ANOTHER major bank is closing its doors in Ludlow.

Barclays has announced that it will be closing its branch in the town from the end of August.

This has led to widespread condemnation from across the political spectrum.

Philip Dunne MP has said he is “appalled” by a decision by Barclays Bank to close branches in Ludlow and Bridgnorth.

Barclays have announced that from Friday, August 26, they will be closing branches at High Street, Bridgnorth and King Street, Ludlow.

They cite the change to online and mobile banking as the reason behind the closures.

“This is another example of Barclays choosing to abandon rural communities with further branch closures,” said Mr Dunne.

“Both Ludlow and Bridgnorth have a significant population of elderly and vulnerable people, who may not use the branch daily, but rely on a local branch presence when they need help and advice. With these closures, there will be no Barclays branches left in the Ludlow Constituency.

“I will be demanding a meeting with Barclays management to make the case for them to rethink these planned closures, and show they value their rural customers in south Shropshire.”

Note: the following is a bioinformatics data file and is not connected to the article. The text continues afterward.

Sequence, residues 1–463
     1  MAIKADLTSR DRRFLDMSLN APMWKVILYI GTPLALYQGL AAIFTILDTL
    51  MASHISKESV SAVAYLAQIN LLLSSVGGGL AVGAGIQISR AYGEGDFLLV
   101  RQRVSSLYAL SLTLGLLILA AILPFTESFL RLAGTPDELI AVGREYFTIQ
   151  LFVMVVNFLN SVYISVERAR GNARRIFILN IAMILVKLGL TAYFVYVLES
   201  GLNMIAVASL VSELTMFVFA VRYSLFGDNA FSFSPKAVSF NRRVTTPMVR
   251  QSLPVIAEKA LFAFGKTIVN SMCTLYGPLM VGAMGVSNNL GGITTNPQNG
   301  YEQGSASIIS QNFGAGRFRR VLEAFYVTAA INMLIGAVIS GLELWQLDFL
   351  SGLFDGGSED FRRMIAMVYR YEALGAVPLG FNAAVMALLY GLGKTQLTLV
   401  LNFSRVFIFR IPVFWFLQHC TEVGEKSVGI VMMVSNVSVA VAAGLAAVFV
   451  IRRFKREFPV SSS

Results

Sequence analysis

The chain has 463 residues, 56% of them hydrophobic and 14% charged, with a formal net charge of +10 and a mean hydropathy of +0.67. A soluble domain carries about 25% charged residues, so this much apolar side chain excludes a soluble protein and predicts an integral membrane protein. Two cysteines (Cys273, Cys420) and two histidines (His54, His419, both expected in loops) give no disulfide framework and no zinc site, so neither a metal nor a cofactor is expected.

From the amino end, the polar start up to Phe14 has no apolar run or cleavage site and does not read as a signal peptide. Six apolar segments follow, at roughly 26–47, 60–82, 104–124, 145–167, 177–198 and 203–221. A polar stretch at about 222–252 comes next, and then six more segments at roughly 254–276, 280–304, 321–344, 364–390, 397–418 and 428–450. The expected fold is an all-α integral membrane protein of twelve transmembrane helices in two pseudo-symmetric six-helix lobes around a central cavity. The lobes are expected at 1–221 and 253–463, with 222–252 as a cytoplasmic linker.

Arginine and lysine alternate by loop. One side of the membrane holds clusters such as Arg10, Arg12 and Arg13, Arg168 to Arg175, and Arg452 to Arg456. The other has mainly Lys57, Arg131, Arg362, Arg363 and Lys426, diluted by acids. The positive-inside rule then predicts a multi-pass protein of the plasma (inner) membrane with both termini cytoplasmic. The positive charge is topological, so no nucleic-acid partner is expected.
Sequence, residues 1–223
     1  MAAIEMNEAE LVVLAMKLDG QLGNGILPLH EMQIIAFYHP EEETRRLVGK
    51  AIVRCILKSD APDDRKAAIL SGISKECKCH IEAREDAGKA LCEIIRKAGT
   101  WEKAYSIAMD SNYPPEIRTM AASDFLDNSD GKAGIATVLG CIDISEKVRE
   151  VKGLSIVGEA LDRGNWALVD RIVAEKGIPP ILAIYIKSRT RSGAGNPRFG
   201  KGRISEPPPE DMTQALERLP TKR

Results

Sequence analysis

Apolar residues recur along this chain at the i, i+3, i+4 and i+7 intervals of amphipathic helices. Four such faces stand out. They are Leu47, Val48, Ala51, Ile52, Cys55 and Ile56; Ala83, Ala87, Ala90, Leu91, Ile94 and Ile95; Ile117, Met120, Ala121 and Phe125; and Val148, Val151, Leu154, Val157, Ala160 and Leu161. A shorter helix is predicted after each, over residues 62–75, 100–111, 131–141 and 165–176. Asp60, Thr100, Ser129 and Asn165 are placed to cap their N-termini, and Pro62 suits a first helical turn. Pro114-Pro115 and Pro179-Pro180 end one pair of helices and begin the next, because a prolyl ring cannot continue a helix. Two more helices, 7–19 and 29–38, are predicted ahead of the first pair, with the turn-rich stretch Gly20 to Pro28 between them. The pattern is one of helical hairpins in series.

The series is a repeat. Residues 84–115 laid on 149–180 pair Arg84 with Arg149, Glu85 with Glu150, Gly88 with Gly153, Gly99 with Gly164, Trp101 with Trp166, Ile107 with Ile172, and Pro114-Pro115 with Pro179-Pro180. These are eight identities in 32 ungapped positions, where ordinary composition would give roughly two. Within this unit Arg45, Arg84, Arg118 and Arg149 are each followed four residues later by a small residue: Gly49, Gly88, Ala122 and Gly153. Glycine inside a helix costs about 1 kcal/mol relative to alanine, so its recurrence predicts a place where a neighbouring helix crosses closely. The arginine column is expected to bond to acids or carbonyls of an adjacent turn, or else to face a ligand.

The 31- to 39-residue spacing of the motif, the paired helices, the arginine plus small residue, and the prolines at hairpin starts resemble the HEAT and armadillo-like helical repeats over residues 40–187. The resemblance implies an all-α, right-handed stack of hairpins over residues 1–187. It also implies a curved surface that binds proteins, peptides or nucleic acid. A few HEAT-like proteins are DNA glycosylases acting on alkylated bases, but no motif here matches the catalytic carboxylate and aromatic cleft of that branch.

Andy Boddington, Shropshure councillor for Ludlow North, that includes the town centre, believes the move is a nail in the coffin of the main street.

“This bank doesn’t just serve Ludlow. It caters for a very broad hinterland,” said Mr Boddington.

“Having banks is one of the things that makes Ludlow town centre tick. People come to bank and then they shop.

“We have already seen the loss of HSBC, which is being converted into Specsavers. With the loss of Barclays, we will be down to three banks. Lloyds, Nationwide and NatWest.

“Banks that close their branches say people should do their transactions online.

“Many people, particularly older people, are not comfortable with digital technology. There are also many businesses in Ludlow that deal with cash.

“Barclays says cash can be paid in at the Post Office. But the Post Office service in Ludlow is very poor.

“The closure of Barclays is yet a nail in the coffin of our high streets.”